On the surface, COP26 set out to deliver on four simple and coherent goals. For many, it is the first goal that is front of mind: “Secure global net zero by mid-century and keep 1.5 degrees within reach”. However, it is the fourth goal that will lead to a lasting legacy “Work together to deliver”.
This last goal recognises there is no single solution. Decarbonising our energy needs requires us to address a wide range of approaches to meet a growing demand for power, transport, and heat. With limited solutions to offsetting carbon emissions, it follows logically that there will be an increasing emphasis on zero carbon solutions, rather than low carbon solutions as part of this target. As a consequence, we might then expect further declining financial support for low carbon power and low carbon transport offerings.
As we head towards winter, it is heat rather than power or transport that is getting more attention: UK government policy to discourage new boiler installations and adopt low carbon solutions reflects a perceived absence of those zero carbon alternatives; something of a fudge, perhaps temporarily forgivable, amongst reports of fuel shortages and the increasing cost of gas.
There are existing solutions to exploiting hydro sites for generating the elusive zero carbon heat. Familiar approaches rely on first generating electricity together with the associated capital costs, including directing surplus power to resistive heating banks and integrating heat pumps into a system.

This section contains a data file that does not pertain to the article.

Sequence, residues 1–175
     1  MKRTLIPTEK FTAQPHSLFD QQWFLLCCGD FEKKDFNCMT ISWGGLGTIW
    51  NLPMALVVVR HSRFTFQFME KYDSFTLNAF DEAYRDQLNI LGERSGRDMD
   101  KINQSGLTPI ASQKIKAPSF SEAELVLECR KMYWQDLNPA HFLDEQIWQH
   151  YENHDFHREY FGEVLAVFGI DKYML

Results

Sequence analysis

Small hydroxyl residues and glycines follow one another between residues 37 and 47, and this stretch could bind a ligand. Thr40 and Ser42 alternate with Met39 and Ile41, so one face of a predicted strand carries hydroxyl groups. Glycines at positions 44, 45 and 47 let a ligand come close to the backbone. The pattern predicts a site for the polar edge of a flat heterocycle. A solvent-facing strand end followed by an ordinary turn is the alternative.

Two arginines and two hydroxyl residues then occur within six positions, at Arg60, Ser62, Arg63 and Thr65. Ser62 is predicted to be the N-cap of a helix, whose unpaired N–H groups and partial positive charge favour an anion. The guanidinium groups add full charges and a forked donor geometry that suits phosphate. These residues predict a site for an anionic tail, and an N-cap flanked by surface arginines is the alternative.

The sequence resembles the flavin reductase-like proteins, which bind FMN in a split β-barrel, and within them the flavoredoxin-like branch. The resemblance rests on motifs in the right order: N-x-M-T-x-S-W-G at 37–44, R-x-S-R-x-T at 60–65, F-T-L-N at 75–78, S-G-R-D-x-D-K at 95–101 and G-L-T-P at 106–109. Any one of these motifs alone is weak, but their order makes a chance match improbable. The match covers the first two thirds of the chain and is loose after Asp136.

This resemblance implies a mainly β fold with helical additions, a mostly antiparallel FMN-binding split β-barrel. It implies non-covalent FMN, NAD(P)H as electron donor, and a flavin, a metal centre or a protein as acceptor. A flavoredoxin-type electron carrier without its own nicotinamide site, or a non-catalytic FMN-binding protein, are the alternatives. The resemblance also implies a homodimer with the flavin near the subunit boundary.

Rotaheat is deploying an alternative approach to delivering zero emission heat for temperatures of up to 110°C whilst avoiding the additional costs of a grid connection and the upheaval of installing a heat pump.
Rotaheat’s technology is highly efficient at converting motive power (mechanical rotational energy including marine and hydro) directly to thermal energy in the form of heated fluids. By avoiding the inefficient generation of electricity, Rotaheat’s technology i) delivers ~20% more useful energy in the form of heat than when electricity is first produced and then converted to heat and ii) reduces capital installation costs. The argument being, if you want heat generate heat, don’t generate electricity then heat with its substantial cost, complexity and losses.
With the easing of travel restrictions, we intend to resume hosting Open Days at a waterwheel in Derbyshire. Please do contact us if you have an interest in receiving an invitation to feel the heat yourself.
Contact Rotaheat (info [at] rotaheat.co.uk) to learn more and understand how easy it is to warm up your hydro project.
(First published in the British Hydropower Association‘s Spotlight magazine, Autumn 2021)